transferred to Texas A&M University. There they will be studied to determine methods
of artificial propagation. Thanks to people interested in the preservation of
threatened wildlife, The Attwater Prairie Chicken appears to have a new lease on life.
But help is still needed. The Spring 1968 News Letter of Texas Wildlife mentions
the following: "Funding of this land purchase is more than 80$ complete. This means
that the contributions from private sources, over the last three years, have almost
assured financial success. However, "almost" is not quite good enough." Your cheek
to Texas Wildlife, earmarked "Prairie Chicken Project" will aid in making this a total
success. Address of Texas Wildlife: 316 Perry-Brooks Building, Austin, Texas 78701.
AUSTIN—The Texas Parks and Wildlife Department has taken the first steps to protect the
vanishing Red-cockaded Woodpeeker and add it to the rare and endangered species list,
according to Robert G. Mauermann, deputy director of the Department.
The list Is compiled by the Committee on Rare and Endangered Wildlife Species, Bureau
of Sports Fisheries and Wildlife of the U. S. Department of the Interior. The list
contains approximately 100 speoies of rare and endangered birds, fish, mammals, reptiles, and amphibians considered by the Committee to be so few in numbers as to be in
danger of extinction.
The plight of the small woodpecker was brought to light recently by long-time Department Wildlife Biologist Dan Lay, stationed in Nacogdoches. Lay, who has been studying
the Red-cockaded Woodpecker for approximately 20 years, said the species, once fairly
abundant in southern pine forests of the United States, is becoming rare and may be
doomed in East Texas because of its habitat requirements.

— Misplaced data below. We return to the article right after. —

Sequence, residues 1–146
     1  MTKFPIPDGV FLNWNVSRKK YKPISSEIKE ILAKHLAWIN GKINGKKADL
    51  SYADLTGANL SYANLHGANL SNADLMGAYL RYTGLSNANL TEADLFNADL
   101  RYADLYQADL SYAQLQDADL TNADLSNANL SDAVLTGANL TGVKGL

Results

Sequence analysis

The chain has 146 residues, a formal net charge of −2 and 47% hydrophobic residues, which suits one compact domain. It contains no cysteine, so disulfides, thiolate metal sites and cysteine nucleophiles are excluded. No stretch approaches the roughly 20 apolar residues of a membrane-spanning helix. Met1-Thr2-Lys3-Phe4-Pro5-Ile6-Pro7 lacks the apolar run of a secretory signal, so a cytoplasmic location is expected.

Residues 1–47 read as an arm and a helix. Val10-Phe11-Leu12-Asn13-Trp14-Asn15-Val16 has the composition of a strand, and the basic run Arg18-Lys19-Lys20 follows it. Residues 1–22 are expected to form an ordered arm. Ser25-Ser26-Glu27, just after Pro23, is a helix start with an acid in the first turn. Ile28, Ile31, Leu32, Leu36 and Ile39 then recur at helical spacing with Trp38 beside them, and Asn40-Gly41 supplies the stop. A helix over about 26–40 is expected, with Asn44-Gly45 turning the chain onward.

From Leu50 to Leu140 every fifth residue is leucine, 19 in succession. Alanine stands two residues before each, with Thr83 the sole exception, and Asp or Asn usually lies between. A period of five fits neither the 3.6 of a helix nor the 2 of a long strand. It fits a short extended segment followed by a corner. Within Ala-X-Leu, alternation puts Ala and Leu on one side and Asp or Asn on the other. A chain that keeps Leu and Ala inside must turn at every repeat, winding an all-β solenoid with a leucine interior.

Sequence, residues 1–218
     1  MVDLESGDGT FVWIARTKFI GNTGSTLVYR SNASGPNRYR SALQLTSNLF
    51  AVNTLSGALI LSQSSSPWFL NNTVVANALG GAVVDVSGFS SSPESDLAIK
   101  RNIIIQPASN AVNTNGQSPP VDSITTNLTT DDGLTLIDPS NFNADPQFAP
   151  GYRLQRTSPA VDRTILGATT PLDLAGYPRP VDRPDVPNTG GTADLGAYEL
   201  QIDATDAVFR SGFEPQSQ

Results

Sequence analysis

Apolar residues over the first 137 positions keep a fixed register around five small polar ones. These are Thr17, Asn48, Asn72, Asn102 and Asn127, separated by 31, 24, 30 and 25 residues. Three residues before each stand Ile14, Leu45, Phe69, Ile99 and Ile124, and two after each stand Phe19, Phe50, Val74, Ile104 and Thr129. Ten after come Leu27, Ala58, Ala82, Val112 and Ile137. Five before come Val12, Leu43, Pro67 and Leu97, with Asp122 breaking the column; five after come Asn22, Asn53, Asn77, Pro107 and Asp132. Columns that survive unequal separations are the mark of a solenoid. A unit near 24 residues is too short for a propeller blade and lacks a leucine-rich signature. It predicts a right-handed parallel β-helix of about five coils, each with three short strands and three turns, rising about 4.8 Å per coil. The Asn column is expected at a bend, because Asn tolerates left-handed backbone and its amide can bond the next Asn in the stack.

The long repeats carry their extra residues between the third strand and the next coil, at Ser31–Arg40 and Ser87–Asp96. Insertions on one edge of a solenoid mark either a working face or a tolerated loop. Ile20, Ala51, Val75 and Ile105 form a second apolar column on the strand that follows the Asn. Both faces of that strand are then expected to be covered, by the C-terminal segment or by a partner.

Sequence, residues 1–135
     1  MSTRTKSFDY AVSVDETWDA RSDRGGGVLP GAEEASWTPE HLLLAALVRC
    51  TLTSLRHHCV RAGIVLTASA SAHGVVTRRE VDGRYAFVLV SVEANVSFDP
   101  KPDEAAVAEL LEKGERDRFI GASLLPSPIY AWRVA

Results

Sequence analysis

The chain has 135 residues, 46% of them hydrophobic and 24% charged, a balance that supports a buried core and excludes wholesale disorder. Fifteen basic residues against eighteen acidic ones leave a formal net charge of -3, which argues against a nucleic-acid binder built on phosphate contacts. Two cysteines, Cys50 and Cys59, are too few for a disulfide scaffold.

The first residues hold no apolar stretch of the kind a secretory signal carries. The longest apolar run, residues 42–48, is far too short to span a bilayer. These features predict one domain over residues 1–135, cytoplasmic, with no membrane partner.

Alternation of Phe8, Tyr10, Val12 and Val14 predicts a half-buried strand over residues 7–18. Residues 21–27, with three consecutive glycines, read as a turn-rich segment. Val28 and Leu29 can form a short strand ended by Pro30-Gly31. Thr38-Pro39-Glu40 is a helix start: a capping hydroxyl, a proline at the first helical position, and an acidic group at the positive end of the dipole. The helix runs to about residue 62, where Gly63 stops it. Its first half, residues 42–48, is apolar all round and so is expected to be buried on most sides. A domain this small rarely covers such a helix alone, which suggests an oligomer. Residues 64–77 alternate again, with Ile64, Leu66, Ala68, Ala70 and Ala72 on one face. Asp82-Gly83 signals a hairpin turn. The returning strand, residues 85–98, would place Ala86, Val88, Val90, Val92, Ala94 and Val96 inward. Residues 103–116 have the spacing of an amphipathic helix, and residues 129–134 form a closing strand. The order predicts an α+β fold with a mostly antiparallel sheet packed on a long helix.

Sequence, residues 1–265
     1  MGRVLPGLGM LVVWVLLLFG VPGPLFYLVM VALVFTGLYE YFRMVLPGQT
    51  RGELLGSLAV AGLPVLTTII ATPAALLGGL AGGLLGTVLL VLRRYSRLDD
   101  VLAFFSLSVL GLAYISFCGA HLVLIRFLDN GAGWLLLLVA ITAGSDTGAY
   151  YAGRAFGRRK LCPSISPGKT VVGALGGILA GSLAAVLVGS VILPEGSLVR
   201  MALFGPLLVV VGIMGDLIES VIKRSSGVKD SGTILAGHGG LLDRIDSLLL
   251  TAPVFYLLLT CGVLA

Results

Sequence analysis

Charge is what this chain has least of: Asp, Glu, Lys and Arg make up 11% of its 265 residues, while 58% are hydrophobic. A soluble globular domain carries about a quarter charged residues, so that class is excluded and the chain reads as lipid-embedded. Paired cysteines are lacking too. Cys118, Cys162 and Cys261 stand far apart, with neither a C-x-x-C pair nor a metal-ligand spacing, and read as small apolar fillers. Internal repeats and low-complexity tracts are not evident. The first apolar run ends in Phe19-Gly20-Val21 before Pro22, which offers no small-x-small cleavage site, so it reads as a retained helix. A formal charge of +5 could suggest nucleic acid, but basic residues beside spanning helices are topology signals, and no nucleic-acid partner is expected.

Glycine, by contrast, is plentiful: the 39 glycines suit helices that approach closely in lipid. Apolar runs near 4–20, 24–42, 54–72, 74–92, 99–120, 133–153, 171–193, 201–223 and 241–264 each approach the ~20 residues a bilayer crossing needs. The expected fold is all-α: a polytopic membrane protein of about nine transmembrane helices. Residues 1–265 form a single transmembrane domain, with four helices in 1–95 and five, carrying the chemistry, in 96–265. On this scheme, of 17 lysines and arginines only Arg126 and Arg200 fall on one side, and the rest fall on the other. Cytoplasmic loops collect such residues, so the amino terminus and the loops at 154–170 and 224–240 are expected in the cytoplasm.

Of the several species of woodpecker in the State, only the red-cockaded requires a
living pine vigorous enough to produce gum freely but over 80 years of age and decadent
enough to have redheart disease, a fungus that softens and permeates the trees heart-
wood with small holes and damages the value of the wood. The disease eventually kills
The Red-cockaded Woodpecker is zebra-backed and has a black cap. The male's red
cockade is tiny, almost invisible. Similar species include the Red-bellied Woodpecker
which also has a zebra back but may be distinguished by a red cap.
The Red-cockaded Woodpecker is more likely to be confused with a Downy or Hairy
Woodpeeker but the white cheek patch is the distinguishing mark, according to Roger
Tory Peterson's "Field Guide to the Birds of Texas."
Lay, as well as ornithological publications, says the woodpecker unerringly seeks out
old pines with redheart to chip out nesting sites. Once a suitable cavity has been
excavated in the tree, the bird waits until sticky pine sap exudes from the wound and
surrounds the entrance, then builds its nest. Lay said the sap protects the birds
nesting site from other birds and predators. "How the bird unerringly finds a pine
tree with redheart is a mystery," Lay said. "Man first finds redheart when the tree
dies or is cut for the mill." The bird prefers trees in a park-like surrounding,
such as old stands of longleaf pine. Seldom will the birds inhabit trees in the
heavier darker areas of a pine forest. The inability to adapt to changing habitat
conditions has been listed as the underlying cause for the extinction of many species,
including the Dinosaur.
Lay said the type of trees required by the Red-cockaded Woodpecker are customarily cut
by landowners and sent to the mill because of the slow growth rate and because the
redheart disease will eventually kill the tree and make it useless as saw timber.
But the woodpecker's plight has not fallen on deaf ears. Meetings between Department
personnel and the U. S. Forest Service has secured a degree of protection for such
trees in four national forests in Texas consisting of 657,000 acres. John Courtenay
of Lufkin, Supervisor of the Texas National Forests, says saving such trees in the
national forests fits very well in the Service's program of wise multiple use of
forestlands and that this program has already been added to their operation manuals.
"It's a small thing to protect an inhabited tree or one that is desirable for the
endangered woodpecker," he said. "I've seen eight of the trees and four of the birds.
Courtenay says the service plans to locate and map inhabited trees as well as those
which would make suitable habitat and preserve them for future use of the woodpecker.
—From the Texas Parks & Wildlife Department NEWS LETTER dated 5-8-68.